• is the podcasting site of Fisher Jones Greenwood. The service consists of a series of legal advice audio files which can be downloaded to a PC or received via a "podcast feed" (analagous to a RSS blog feed) and played by any device capable of playing MP3 files. Fisher Jones Greenwood have taken some of the pages of free legal information they have already made available from their website and converted them to audio files for podcasting.

  • Independent Law Network is a blog from a group of 7 Lawyers in Norfolk. They all have their own independent firms, but they collaborate and share experiences in a number of areas. The blog describes what they do and they publish articles and information about the various areas of law in which they practice. The presentation is bright and lively with contemporary topics covered (e.g. mock elections in schools - are they legal?) and I can imagine many "ordinary people" being interested - which is presumably the point of the blog. Tessa Shepperson (a very web savvy practitioner who instigated this particular initiative) says "I suspect that this sort of thing is going to be essential for sole practitioners as time goes on, especially those who have a more traditional practice. The public often prefer the more personal approach which a small firm can provide, but it is often difficult to find them. This sort of initiative will help make sole practitioners more visible."

  • Information Law is a blog run by Ibrahim Hasan covering data protection, freedom of Information and surveillance law (RIPA and RIPSA). There are also a number of free articles to download on these topics.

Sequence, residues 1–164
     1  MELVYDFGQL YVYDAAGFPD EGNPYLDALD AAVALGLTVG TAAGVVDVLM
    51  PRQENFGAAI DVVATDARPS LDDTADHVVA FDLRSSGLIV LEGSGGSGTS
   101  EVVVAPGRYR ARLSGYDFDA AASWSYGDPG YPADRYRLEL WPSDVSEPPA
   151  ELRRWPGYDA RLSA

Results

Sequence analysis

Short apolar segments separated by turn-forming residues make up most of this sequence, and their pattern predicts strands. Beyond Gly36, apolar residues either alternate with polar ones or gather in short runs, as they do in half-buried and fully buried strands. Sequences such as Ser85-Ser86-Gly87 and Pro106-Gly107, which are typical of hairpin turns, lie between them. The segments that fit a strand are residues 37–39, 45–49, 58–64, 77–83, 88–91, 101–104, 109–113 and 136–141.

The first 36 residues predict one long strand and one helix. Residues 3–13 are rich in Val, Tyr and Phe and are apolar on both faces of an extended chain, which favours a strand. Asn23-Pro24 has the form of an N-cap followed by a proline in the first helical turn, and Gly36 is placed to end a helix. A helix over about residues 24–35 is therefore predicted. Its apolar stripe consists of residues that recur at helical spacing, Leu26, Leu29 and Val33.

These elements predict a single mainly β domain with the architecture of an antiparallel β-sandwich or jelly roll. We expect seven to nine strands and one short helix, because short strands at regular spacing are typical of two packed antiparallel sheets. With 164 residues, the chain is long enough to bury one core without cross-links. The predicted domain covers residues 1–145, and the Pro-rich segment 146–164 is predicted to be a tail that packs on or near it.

• Inforrm stands for the International Forum for Responsible Media which has been set up to debate issues of media responsibility. They say "We believe in an independent, strong, free and responsible mass media. The media has important privileges in the public interest to enable it to perform its role as a public watchdog. But with those privileges go responsibilities. The media’s right to freedom of expression must be properly balanced against the rights to privacy and reputation". There are frequent postings on topics of the media, privacy and the law.

  • IP Draughts comes from Anderson Law LLP but the firm hopes to add other practitioners in due course to get a wide perspective on IP and business law issues. The blog focuses on intellectual property transactions.
  • Ipkat covers Intellectual Property and is provided by IP lawyers Jeremy Phillips and Ilanah Simon. A very significant resource.

  • Information Overlord is a blog on Information Management and Librarian issues with a communications media and technology law slant from clifford Chance information Officer Scott Vine.